She also noted that, if possible, working to repay interest while still in school could potentially reduce a lot of financial problems students face upon graduation. For many students, however, finding a balance between work and school can be difficult.

Miller said with the encouragement of the high ranking, the university will continue seeking to help students prepare themselves for the working world without having to worry about paying off extravagant student loans.

“In terms of continuing this trend, we need to be sure the state of California continues to fund the Cal Grant program to meet their commitment to California’s students,” Miller said in an e-mail. “The same goes for the University of California.”

“We need to remain committed to setting aside financial aid funding to the extent we have in the past. If we can maintain the relationship between the federal aid programs, the state of California, the University of California and the families we serve, then I believe a UCSB education will remain one of the best values in higher education,” Miller said.

Second year actuarial science major Daniel Soleiman, who works part-time, said he thought it more practical to finance his education through loans than to work his way through college without student debt.

“I’d have to work a lot of hours and my grades would drop to the point where it’s not even worth it,” Soleiman said. “I’d be paying to fail.”

However, Soleiman said that, although he worried about his loans, attending a UC is still preferable to a cheaper community college.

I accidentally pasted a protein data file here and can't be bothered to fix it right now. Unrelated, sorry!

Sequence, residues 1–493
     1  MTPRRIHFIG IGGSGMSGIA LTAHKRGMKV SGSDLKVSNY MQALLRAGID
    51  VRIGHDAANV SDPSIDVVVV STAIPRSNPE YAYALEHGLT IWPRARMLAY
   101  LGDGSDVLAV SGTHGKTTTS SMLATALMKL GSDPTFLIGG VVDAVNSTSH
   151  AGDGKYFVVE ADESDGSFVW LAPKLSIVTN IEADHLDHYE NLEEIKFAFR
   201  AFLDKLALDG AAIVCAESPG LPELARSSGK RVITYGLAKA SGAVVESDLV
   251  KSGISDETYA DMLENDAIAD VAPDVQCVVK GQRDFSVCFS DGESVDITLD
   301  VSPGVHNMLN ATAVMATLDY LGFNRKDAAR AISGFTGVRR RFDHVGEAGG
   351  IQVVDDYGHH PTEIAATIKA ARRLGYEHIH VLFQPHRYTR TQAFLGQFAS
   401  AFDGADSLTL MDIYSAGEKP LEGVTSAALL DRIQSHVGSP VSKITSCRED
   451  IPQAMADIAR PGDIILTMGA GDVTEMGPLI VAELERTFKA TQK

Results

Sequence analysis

“It was either the loans or I don’t go to this school, I go to somewhere cheaper,” Soleiman said. “I could go to community college and try and pay for that myself, but [my parents] decided the UC was a good choice. It’s worth the money.”

Soleiman noted that although he has not yet felt the full extent of the financial burden, he expects that to change.

“In four or five years I’m probably going to start realizing, ‘Oh shit, this is what 35,000 dollars is. This is what being in debt is,’” Soleiman said.

Rachel Marracq, a second year communication major, said she would rather focus on her education and pick a school based on those factors, rather than worry too much about her student loan debt.

“No matter where you go, you’re going to have to pay a lot of money. And for the kind of work I want to do, you have to have a degree … So I figured I’m going to have debt no matter what, so I might as well make the most of it,” Marracq said.

But like many students, Marracq said her parents were shouldering a great deal of the financial responsibility.

“They didn’t really consult me on it. I just said, ‘Mom, I need to figure out loans.’ And she said, ‘Okay, here’s what’s happening,’” Marracq said.

Kiplinger’s ranking, however, does not take into account loans parents take out in order to help their children finance their education.

Soleiman, too, said much of his education was being financed by loans his parents had taken out, even though much of that burden would still fall on him.

“The vast majority [of the loans] are my parents’, but in a way they’re still my loans,” Soleiman said. “I’m going to pay them back.”


A version of this story appeared on page 5 of Thursday, January 30, 2014’s print edition of the Daily Nexus.